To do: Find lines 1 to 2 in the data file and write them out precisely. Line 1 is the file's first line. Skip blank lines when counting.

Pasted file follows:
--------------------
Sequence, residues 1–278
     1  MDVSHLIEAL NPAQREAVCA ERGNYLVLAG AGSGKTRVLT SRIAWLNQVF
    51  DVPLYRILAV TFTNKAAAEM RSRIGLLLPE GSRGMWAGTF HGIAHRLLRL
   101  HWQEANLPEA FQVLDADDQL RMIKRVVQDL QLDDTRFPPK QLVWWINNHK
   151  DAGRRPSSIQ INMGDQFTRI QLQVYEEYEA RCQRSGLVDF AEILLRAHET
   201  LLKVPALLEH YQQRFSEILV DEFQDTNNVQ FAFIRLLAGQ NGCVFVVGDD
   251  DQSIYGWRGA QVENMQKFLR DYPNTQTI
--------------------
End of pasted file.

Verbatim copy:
Sequence, residues 1–278
     1  MDVSHLIEAL NPAQREAVCA ERGNYLVLAG AGSGKTRVLT SRIAWLNQVF